Unfortunately, in Bulgaria, it’s a sign of wealth to eat processed and imported foods. “To the nouveau riche, basically, the whole agriculture thing equals poverty,” says Angelova.  Angelova hopes that her business will help make locally sourced and produced food appealing to consumers in Bulgaria.

“Educating people and getting them interested in things like recycling and compost and local food sounds simple but it’s a slow process,” says Angelova. “For the most part people already know this stuff, but they need to really understand why they should change their bad habits.”

The CIA’s program is helping to do this, says Angelova, by getting the students so involved in every aspect of food preparation, from cultivation to processing to disposing and recycling. “When you develop a relationship with the entire process,” says Angelova, “it’s really hard to go back to eating out of a box.”

Click here to read the first part of this series. 

Molly Theobald is a research fellow with the Nourishing the Planet project.

Article Link:

Consolidation of seed companies leading to corporate domination of world food supply

Consolidation of seed companies leading to corporate domination of world food supply.

Consolidation of seed companies leading to corporate domination of world food supply

by Ethan A. Huff, staff writer

(NaturalNews) Throughout the history of agriculture across the globe, farming has always been a diversified sector of the economy. Small, self-sustaining, family farms were the order of the day in most cultures. Even as small farms grew larger and more specialized over time, many of them still saved seeds or purchased them from other farmers, which kept control of farming in the hands of the people.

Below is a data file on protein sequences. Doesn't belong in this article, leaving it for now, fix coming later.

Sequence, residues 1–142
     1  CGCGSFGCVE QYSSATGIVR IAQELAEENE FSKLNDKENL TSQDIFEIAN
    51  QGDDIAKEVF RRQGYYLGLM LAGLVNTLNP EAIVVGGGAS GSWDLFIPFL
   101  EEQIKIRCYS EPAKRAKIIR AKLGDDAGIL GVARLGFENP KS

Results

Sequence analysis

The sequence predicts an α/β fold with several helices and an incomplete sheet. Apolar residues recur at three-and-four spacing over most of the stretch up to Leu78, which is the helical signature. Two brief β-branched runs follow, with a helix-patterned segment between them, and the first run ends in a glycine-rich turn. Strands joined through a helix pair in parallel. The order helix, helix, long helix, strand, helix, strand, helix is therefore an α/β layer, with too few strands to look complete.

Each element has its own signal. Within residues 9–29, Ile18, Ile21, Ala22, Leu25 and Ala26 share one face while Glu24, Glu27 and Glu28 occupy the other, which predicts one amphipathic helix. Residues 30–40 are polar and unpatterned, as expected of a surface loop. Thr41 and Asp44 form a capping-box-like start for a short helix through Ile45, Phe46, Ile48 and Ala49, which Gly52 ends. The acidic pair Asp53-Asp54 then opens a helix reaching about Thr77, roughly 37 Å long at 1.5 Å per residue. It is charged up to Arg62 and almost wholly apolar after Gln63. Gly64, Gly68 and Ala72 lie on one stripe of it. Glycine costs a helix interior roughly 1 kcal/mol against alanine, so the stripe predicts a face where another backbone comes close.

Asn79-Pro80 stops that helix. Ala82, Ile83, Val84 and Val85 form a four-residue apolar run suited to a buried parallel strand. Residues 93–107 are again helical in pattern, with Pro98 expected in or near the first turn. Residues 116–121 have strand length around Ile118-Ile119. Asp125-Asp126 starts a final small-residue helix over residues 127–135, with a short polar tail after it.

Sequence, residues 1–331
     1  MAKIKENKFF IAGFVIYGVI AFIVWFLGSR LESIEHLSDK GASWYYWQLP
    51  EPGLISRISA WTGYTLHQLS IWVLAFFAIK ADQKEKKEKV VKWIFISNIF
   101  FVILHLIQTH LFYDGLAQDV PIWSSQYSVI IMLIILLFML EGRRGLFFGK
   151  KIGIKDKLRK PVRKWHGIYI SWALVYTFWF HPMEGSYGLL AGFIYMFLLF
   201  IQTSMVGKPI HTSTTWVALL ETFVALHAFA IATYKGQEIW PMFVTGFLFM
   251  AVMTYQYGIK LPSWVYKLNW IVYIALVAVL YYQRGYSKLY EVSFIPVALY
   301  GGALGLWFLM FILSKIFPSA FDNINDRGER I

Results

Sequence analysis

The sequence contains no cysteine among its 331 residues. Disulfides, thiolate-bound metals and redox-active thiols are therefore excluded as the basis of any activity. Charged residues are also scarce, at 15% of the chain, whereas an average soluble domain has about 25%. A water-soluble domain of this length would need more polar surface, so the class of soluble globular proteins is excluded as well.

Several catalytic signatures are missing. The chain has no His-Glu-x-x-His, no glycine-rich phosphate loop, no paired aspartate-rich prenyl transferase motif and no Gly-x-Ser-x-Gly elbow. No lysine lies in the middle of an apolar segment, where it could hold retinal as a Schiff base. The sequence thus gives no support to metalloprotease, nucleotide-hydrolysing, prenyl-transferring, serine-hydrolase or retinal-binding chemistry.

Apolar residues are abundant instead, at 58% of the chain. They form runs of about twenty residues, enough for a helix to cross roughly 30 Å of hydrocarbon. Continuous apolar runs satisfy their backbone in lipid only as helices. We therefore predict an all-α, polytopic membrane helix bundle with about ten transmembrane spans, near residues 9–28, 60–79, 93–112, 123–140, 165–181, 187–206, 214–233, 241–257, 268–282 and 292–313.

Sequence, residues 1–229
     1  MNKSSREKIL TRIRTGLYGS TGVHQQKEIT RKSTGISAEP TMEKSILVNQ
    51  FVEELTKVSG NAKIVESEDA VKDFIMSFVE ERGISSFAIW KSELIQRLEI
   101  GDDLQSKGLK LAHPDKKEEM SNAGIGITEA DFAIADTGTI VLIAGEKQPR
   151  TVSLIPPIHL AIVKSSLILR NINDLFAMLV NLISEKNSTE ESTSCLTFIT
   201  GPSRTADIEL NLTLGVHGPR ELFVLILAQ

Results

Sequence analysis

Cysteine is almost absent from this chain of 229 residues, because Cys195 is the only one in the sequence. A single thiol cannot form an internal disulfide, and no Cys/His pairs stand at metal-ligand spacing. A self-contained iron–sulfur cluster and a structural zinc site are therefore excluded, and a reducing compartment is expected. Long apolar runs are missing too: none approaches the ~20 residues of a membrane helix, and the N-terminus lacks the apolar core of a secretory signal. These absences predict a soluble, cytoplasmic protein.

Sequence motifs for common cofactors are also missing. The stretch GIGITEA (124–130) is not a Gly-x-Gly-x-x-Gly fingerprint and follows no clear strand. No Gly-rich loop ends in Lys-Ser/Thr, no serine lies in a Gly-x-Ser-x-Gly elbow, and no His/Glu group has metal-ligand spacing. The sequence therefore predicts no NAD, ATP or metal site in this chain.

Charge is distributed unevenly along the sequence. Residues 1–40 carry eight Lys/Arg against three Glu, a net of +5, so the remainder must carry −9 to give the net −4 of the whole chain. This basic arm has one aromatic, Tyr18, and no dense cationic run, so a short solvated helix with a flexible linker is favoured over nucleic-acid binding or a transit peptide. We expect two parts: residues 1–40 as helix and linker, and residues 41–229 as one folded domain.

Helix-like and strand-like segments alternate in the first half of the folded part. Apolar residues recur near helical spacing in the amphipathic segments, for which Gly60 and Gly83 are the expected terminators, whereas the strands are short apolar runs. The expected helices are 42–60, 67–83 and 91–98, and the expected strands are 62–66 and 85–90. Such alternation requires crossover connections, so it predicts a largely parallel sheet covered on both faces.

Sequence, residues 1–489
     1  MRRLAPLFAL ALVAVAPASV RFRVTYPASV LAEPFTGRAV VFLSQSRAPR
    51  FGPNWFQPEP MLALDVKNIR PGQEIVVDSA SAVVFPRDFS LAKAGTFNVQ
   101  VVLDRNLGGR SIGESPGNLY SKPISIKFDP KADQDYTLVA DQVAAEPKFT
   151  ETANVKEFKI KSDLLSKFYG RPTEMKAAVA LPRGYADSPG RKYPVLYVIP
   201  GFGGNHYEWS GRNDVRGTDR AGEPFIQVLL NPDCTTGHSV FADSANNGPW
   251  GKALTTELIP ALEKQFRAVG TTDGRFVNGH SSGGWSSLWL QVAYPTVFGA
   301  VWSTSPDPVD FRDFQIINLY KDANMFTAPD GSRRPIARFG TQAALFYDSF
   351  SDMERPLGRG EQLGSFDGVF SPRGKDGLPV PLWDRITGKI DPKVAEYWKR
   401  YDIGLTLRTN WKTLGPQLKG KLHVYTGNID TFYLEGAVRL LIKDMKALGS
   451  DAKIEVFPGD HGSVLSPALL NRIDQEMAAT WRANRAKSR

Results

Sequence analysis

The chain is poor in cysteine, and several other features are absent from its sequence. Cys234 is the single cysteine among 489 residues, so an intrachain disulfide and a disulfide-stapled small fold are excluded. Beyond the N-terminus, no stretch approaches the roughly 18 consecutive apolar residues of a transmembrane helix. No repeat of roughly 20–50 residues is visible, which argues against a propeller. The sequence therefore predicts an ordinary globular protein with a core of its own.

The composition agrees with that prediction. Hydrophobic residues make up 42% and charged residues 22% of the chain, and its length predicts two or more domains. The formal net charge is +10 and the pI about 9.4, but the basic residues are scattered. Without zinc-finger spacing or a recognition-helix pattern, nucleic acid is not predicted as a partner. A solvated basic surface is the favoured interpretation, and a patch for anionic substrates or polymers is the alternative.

But today everything has changed, as large chemical and agribusiness firms have acquired or merged with seed companies and other agricultural input companies. They have successfully gained a foothold on genetically-modified (GM) crops with transgenic traits.

These primary factors and several others have facilitated a crescendo towards the global domination of agriculture by corporations, and thus the world’s food supply.

The dismal state in which we find ourselves today did not come overnight, of course, but it did pick up rapid speed after the introduction of GM crops in the mid-1990s. Since that time, multinational corporations like Monsanto, DuPont, and Syngenta have seized a significant amount of control over the global seed industry, which has greatly limited agricultural diversity and freedom.

The ability to patent both seeds and seed traits has also added injury to insult, as the ability to obtain natural or heirloom seeds is becoming increasingly difficult, and many farmers feel they have no choice but to go with the flow.

Professor Philip H. Howard from the Department of Community, Agriculture, Recreation and Resource Studies at Michigan State University published a study in 2009 entitled Visualizing Consolidation in the Global Seed Industry: 1996 – 2008 that analyzes the trend in agriculture towards corporate dominance.